#InsideDundurn with Jenny

#InsideDundurn with Jenny

Posted on November 30 by Kyle in Interview
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Anyone who has submitted a manuscript to a publisher likely has wondered where it's landed, and what will happen to it now. While we can't make promises for what happens after, we can answer one of those questions in two words.

Meet Jenny.

She's the Editorial Assistant; the go-to person for all Westside questions. (Editorial is on the west side of the office, but she's also our resident musical theatre aficionado, so...)


"What I do is help the editorial department," Jenny says simply, taking a breath and saying "... with a lot of different things from scheduling and corrections all the way to getting our books to design."

How many books do you think that translates into? Half of our books? More?

"I have read probably, at least... a little bit of 90% of our books published in a year. Before the books go to printer I have to do something called a fresh eyes check. That's when someone who's never seen the book looks at it, scans the pages to make sure everything makes sense. Often those are the people who can find errors, words that are missing, and weird design stuff. A lot of times I'll get an idea of what the book is about by then. Sometimes if it's really good, I'll read it a little bit too."

And....? We're waiting for the best part.

"And I track our submissions. I even have the entire slush pile on my desk."

The slush pile, for those not in with the cool lingo, is made up of all the unsolicited manuscripts that get mailed or e-mailed in to a publisher for consideration.

Wait, did we hear that right? People still send things via snail mail?

"Some manuscripts still get sent via mail. It's not dead," she affirms, "We get a lot in terms of range: lots of history, fiction, kid's books, middle-grade, and YA."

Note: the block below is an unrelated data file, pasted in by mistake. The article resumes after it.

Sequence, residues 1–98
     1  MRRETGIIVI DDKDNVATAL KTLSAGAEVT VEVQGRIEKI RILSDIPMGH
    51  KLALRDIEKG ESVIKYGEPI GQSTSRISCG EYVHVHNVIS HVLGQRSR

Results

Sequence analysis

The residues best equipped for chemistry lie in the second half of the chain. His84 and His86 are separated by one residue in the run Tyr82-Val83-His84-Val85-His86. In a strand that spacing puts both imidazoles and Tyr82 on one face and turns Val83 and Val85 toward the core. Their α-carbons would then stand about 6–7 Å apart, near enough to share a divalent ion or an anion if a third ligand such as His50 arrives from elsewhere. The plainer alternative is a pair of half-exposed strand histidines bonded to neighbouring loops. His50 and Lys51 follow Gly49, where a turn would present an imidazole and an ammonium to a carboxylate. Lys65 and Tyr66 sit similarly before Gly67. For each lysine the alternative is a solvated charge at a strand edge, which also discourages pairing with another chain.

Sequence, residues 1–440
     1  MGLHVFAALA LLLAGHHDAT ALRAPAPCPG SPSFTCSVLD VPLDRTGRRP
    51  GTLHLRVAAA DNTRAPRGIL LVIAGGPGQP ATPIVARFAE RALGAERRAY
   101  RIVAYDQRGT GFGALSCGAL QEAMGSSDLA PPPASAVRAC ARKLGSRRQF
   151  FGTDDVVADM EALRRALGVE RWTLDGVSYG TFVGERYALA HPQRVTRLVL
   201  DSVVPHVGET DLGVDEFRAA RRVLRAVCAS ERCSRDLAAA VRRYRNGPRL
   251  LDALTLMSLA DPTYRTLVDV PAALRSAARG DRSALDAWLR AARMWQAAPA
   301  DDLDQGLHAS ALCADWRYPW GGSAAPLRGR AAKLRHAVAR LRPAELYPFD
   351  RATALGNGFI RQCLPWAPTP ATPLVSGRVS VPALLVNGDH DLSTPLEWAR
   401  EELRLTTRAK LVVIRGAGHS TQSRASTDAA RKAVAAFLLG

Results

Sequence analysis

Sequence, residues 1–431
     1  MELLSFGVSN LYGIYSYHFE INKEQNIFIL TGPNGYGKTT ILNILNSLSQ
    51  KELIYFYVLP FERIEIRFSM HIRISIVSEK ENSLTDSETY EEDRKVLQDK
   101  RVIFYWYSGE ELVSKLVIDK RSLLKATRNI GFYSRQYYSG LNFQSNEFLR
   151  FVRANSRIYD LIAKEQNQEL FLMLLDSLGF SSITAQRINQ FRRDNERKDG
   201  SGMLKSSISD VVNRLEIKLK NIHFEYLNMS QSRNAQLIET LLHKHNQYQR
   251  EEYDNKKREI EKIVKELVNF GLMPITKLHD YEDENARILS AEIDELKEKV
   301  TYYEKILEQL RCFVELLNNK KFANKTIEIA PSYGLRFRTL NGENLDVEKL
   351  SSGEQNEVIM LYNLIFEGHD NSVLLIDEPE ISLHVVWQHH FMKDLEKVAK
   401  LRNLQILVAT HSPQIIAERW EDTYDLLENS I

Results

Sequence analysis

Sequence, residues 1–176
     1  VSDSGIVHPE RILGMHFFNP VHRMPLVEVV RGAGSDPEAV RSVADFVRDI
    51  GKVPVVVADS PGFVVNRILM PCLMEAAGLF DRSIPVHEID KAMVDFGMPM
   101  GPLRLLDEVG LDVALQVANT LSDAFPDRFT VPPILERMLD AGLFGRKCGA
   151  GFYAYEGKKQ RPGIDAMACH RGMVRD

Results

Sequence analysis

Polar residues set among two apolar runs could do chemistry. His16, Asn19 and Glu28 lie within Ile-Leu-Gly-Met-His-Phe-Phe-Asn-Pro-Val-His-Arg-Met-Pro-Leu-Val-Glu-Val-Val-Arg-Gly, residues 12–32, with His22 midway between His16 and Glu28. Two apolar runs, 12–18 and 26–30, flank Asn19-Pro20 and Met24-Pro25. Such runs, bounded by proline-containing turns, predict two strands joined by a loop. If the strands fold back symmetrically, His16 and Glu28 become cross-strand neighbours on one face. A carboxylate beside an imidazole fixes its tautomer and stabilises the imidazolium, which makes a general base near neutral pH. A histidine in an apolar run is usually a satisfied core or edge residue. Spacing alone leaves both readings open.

"Cliche as it may sound, you never know what may make a good book."

And Jenny would know, too. As a former English Lit major, she's a big fan of Canlit and literary fiction and been around the block during her time doing internships. Starting off at Fitzhenry & Whiteside, then OwlKids Books, and Oxford University Press before her internship at Dundurn.

Let's see, that covers two of the three common types of publishing. Just for fun, we asked Jenny for a quick lesson in the types of publishing.

"Let's see. The first is trade publishing. That's for the market that the average reader would think of regarding books. What they'd find when they go to their local bookstore, and that's where they would find books for the trade market. It's your fiction, your historical books, books for kids and teens."

But aren't educational books also those things?

"They can be yes, but educational publishing caters to educators. Those are books for anywhere from kindergarten to grade 12. As well as post-secondary textbooks. Sometimes a little bit of academic textbooks."

"And scholarly publishing is done by university presses. They publish professors. Mostly. That's also for the university market and for other academics. That's how professors publish and get tenure. It's part of their job."

Cue long awkward silence.

"Law publishing is for lawyers," Jenny states obviously, both of us bursting into laugher a few seconds later. "We don't talk about that side. Lawyers probably do but we don't."

Moving on, and as we like to end things, what does Jenny like to read?

"I read a lot of YA, fantasy, and literary fiction," she says, "I'm reading an older book right now called House of Leaves. I probably looked really foolish recently. I had to put it upside down for about 15 minutes while on the Go Train because the words were upside down; but I probably just looked like an incompetent reader. I don't normally do that!”

Don't worry Jenny, we don't judge. We're all booklovers here.